Success: identify your objective, plan the future, make it happen

friday, 17 february of 2012

Success: identify your objective, plan the future, make it happen

by Linda Julian

Former French President, Charles de Gaulle, once said "success is a matter of identifying your objective, planning the future, then making it happen".

Yet too many professional service firms still talk endlessly about their strategy, mission, vision, value proposition, and differentiation in ways that do little to create purposeful action.

Professionals and firms with strong strategic intent have and can clearly articulate their "big picture" aspirations for the longer term.

They then set about keeping or acquiring the resources and capabilities necessary to achieve those aspirations. Their strategic intent is sufficiently broad to adapt to changing circumstances and every so often they take a reality check. The best are highly opportunistic, alert to possibilities, and remain flexible.

Professionals have more than ordinary ability to create or influence their own future, both individually and collectively within firms. Each has a range of alternative possible futures, some far better and more appealing than others.

Purposeful action to bring about an interesting and worthwhile tomorrow is central to engagement and rewards. Not only is getting into the driver's seat more satisfying than being a career "passenger", but the driver has much more influence over direction and destination than those in the back seat.

In the professional services sphere, a strategic goal of simply being more profitable or bigger may be achievable, but it's an unlikely foundation for sustained success. If your real (but probably unspoken) strategic intent amounts to little more than making current partners richer, it may well (and understandably) be difficult to galvanise non-partners in pursuit of that objective.

Professionals and up-and-coming stars are far more likely to be propelled into positive action around aspirations to be:

  • preeminent in something

  • widely known as truly excellent in a specific area

  • involved in the most interesting projects, deals, and developments

  • working with the most sought-after clients in a particular industry or activity.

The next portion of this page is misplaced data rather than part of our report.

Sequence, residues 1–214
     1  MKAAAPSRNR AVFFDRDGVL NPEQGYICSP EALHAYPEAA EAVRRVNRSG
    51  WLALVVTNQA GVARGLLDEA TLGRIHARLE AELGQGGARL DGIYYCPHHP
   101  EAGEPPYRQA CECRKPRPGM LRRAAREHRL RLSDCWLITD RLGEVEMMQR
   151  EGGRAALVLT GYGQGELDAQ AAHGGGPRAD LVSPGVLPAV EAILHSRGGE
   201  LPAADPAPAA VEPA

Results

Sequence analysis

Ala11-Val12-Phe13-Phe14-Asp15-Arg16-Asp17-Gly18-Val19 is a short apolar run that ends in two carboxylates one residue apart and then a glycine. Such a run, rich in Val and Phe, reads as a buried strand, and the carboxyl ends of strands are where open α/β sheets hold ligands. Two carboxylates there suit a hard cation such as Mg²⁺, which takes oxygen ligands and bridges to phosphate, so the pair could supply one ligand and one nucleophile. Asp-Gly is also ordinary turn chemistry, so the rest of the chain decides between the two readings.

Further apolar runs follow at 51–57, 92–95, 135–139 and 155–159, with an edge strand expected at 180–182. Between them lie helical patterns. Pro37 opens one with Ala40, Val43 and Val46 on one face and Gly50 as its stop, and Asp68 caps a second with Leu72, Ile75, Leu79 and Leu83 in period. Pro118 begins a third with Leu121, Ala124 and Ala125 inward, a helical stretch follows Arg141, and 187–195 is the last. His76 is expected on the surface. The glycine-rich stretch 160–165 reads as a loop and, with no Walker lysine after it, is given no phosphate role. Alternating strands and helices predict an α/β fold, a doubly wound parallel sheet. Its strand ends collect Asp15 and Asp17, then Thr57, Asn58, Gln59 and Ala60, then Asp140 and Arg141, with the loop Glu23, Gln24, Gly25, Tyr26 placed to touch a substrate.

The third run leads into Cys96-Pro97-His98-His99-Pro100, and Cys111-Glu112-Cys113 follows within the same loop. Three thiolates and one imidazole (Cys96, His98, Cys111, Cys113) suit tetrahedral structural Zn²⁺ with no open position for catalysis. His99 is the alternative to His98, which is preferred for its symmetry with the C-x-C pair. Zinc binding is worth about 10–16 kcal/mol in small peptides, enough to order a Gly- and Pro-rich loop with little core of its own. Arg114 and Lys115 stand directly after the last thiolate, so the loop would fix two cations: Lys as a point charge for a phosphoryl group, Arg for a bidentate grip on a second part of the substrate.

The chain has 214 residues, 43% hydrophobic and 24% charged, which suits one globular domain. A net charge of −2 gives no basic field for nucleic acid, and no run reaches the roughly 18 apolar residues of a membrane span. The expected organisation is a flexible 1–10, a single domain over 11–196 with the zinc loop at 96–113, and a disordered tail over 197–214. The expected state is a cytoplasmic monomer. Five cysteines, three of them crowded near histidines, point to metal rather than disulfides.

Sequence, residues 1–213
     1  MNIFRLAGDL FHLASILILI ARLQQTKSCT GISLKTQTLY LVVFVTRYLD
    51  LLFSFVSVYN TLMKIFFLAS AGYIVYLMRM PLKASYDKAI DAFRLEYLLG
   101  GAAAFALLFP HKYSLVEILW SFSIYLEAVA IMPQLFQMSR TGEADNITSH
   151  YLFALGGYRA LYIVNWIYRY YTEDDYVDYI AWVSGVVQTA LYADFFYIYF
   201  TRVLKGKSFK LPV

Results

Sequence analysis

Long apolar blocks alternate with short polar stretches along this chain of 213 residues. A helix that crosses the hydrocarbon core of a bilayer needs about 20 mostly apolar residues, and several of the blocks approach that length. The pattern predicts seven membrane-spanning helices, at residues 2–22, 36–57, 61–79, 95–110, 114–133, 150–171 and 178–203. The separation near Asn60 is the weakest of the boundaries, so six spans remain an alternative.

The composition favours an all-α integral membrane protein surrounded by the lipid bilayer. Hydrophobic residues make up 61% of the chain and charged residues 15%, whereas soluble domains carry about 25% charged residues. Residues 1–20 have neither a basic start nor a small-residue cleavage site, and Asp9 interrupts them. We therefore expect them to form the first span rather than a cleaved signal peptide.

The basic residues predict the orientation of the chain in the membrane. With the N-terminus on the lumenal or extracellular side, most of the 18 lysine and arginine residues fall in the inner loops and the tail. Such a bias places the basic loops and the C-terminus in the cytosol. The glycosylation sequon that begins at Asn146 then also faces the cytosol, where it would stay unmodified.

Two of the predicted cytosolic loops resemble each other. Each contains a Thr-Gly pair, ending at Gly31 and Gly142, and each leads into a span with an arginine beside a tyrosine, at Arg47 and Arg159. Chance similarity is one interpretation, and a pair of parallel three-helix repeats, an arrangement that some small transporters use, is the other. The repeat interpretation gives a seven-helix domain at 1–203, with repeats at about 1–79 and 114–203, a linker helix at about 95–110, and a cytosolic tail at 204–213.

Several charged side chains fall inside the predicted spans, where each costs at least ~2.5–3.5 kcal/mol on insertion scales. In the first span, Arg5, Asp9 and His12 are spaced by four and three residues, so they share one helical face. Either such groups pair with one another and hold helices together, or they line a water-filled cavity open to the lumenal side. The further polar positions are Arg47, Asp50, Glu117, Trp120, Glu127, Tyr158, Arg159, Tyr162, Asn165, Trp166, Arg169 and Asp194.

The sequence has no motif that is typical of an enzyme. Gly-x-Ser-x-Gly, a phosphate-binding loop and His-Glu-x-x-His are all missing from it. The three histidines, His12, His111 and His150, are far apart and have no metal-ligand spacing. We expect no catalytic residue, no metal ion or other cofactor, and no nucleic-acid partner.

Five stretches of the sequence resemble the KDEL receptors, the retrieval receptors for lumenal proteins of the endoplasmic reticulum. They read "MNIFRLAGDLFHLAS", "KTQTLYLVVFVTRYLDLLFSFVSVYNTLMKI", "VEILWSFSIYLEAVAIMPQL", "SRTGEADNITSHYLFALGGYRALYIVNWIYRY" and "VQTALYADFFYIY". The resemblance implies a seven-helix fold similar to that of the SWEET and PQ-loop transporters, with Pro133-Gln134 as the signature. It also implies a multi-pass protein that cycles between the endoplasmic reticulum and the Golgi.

It is both unrealistic and unwise to ignore today's performance and work solely on the long-term. The best strategy in action involves thinking and acting across multiple time horizons: now, soon, later, and eventually. Your strategic portfolio should comprise initiatives which deliver results in early-, mid-range, and longer time frames.

Too many confuse strategic health with financial health -- although they're linked.

Financial success is an excellent indicator of past performance. We all know that cost-cutting is one method to improve short-term financial results. But most often, long-term results are the product of investment in capabilities and reach into markets.

  • what is the reputation and standing of the organisation ?

  • how will my/our profile be improved by association ?

  • do we have high relevance to the target association ?

  • is it a "natural fit" ?

  • aside from any expectations about getting work, is there a sufficient business case to join ?

  • what motivates others to join ?

  • if we have work to refer, are these the people and firms we'd want to send it to ?

  • do we have sufficient work to refer for the recipients to sit up and take notice ?

  • if overseas conferences or interesting events are part and parcel of the connection, when the time comes around to participate, will we have the availability and still feel it's a good use of our money ?

  • how will we keep the connections active between meetings ?

  • do they want me/us as members and why ?

There's an inevitable tension between short-term financial goals and long-run practice outcomes. Well-conceived strategy balances current and future performance, investing in sensible and thought-through initiatives with payoffs over all timeframes (including early indicators of later success).

As the old saying goes, success is far more likely when opportunity meets preparedness. The strategically effective get a clear fix on what they want to achieve, organise to do it, and get into action.

If we can help you to formulate and reality test strategy, set clear objectives, assemble the resources you need, mobilise purposeful action, and make it happen, please get in touch.

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© Trey Ryder

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